CANADIAN RAILWAY OFFICE OF ARBITRATION
CASE NO. 2058
Heard at Montreal, Wednesday, 10 October 1990
VIA RAIL CANADA INC.
UNITED TRANSPORTATION UNION
Claim that Ms. K.E. Jarvis is entitled to meal and incidental expenses under Article 65.7 while attending Conductor’s training.
JOINT STATEMENT OF ISSUE:
Ms. Jarvis is a trainperson home terminalled at Toronto who between May 11 and 29, attended the Conductor’s training program at MacMillan Yard.
It is the Union’s position that MacMillan Yard is not her normal place of work and therefore entitled to the allowances provided for in Article 65.7
It is the Corporation’s position that Ms. Jarvis’ normal place of work is Toronto terminal which includes MacMillan Yard and therefore the provisions of Article 65.7 are not applicable.
FOR THE UNION: FOR THE CORPORATION:
(SGD.) T. G. HODGES (SGD.) P. J. THIVIERGE
GENERAL CHAIRPERSON for: DIRECTOR, LABOUR RELATIONS
There appeared on behalf of the Corporation:
K. Taylor – Senior Labour Relations Officer, Montreal
M. St-Jules – Senior Negotiator & Advisor, Montreal
P. J. Thivierge – Senior Negotiator & Advisor, Montreal
And on behalf of the Union:
M. P. Gregotski – Vice-General Chairperson, St. Catharines
R. Lebel – Vice-General Chairperson, Quebec
AWARD OF THE ARBITRATOR
The instant claim is made under Article 65.7 of the Collective Agreement which provides as follows:
65.7 Employees will be allowed $7.50 per day for meals when such are not provided by the Company or at Company expense, if employees are at a point other than their normal place of residence or work. Employees qualified under the provisions of this paragraph will also receive a $20.00 per week allowance for incidental expenses.
The Collective Agreement uses a number phrases referring to an employee’s place of work, but most commonly utilizes "terminal". It is well established that the word terminal generally refers to a relatively large area, sometimes transcending a municipality (e.g., see CROA 479 and 1081). Additionally, Addendum 31 of the Collective Agreement makes express provision for Toronto based crews reporting for duty "... at one point in Toronto Terminal and (being) released from duty at another point in Toronto Terminal", in relation to their right to free transportation. The material further establishes that employees of the Corporation regularly work at at least two separate locations in Toronto, being Union Station and the Toronto Maintenance Centre in Etobicoke.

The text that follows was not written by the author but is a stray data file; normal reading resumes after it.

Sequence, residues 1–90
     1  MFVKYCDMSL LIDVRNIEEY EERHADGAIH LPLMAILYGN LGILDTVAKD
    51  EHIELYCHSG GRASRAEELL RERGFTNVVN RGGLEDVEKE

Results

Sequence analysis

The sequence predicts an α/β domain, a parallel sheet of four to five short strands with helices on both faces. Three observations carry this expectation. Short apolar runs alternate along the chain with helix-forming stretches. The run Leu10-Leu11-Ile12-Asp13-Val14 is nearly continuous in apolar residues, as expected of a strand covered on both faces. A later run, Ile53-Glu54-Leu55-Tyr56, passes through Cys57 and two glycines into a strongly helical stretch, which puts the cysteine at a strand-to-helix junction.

MacMillan Yard may be generally described as falling within the confines of the greater Toronto area. The issue in this grievance is whether assignment to training at that location entitles the grievor to the meal allowance under Article 65.7 of the Collective Agreement. In the Arbitrator’s view it does not. If the Union’s interpretation of the article is accepted, the only normal place of work attaching to the grievor would be Union Station. I find it highly doubtful that the parties would have intended that an employee in the grievor’s circumstance could claim the allowance provided in Article 65.7 if the Corporation chose to conduct a training course in a hotel several blocks away from that location.
Viewed from a purposive standpoint, the article is, in my view, clearly intended to assist an employee who is compelled to perform work at an out of town location. That, it seems to me, is apparent from the reference to the weekly allowance for incidental expenses which is also provided. A protection of that kind is not normally associated with the reassignment, on a temporary basis, to another location within the same municipality as an employee’s normal place of work.
Moreover, the genesis of the article supports the foregoing conclusion. It is common ground that the original incarnation of Article 65.7, which is the same numbered article in the collective agreement between Canadian National and the Union, provides for a similar entitlement to a meal allowance, the amount of which varies depending on whether accommodations with or without cooking facilities are provided. It seems to the Arbitrator, in light of that prior history, that if the parties had intended to make the allowances payable in a circumstance that does not involve travel away from home, they would have done so expressly. In my view it is in that sense that the phrase "a point other than their normal place of residence or work" must be construed.
In the result, I am satisfied that the grievor, who is home terminalled at Toronto, is not entitled to claim meal and incidental expenses while attending a conductors’ training programme at MacMillan Yard. For these reasons the grievance must be dismissed.
12 October 1990 (Sgd.) MICHEL G. PICHER